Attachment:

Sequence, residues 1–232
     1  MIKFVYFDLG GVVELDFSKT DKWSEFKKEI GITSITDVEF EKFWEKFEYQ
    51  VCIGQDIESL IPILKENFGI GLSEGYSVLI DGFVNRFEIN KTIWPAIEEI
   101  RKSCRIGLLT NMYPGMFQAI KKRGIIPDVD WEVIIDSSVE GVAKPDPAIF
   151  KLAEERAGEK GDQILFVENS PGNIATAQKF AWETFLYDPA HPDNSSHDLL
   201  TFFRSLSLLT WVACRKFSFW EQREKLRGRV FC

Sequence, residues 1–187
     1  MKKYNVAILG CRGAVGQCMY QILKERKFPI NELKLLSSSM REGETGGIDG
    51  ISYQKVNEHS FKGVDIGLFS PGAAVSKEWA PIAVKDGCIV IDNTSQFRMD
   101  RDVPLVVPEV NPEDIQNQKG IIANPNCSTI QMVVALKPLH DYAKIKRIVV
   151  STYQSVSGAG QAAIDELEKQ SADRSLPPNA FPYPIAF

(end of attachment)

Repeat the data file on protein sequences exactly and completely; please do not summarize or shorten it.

Sequence, residues 1–232
     1  MIKFVYFDLG GVVELDFSKT DKWSEFKKEI GITSITDVEF EKFWEKFEYQ
    51  VCIGQDIESL IPILKENFGI GLSEGYSVLI DGFVNRFEIN KTIWPAIEEI
   101  RKSCRIGLLT NMYPGMFQAI KKRGIIPDVD WEVIIDSSVE GVAKPDPAIF
   151  KLAEERAGEK GDQILFVENS PGNIATAQKF AWETFLYDPA HPDNSSHDLL
   201  TFFRSLSLLT WVACRKFSFW EQREKLRGRV FC

Sequence, residues 1–187
     1  MKKYNVAILG CRGAVGQCMY QILKERKFPI NELKLLSSSM REGETGGIDG
    51  ISYQKVNEHS FKGVDIGLFS PGAAVSKEWA PIAVKDGCIV IDNTSQFRMD
   101  RDVPLVVPEV NPEDIQNQKG IIANPNCSTI QMVVALKPLH DYAKIKRIVV
   151  STYQSVSGAG QAAIDELEKQ SADRSLPPNA FPYPIAF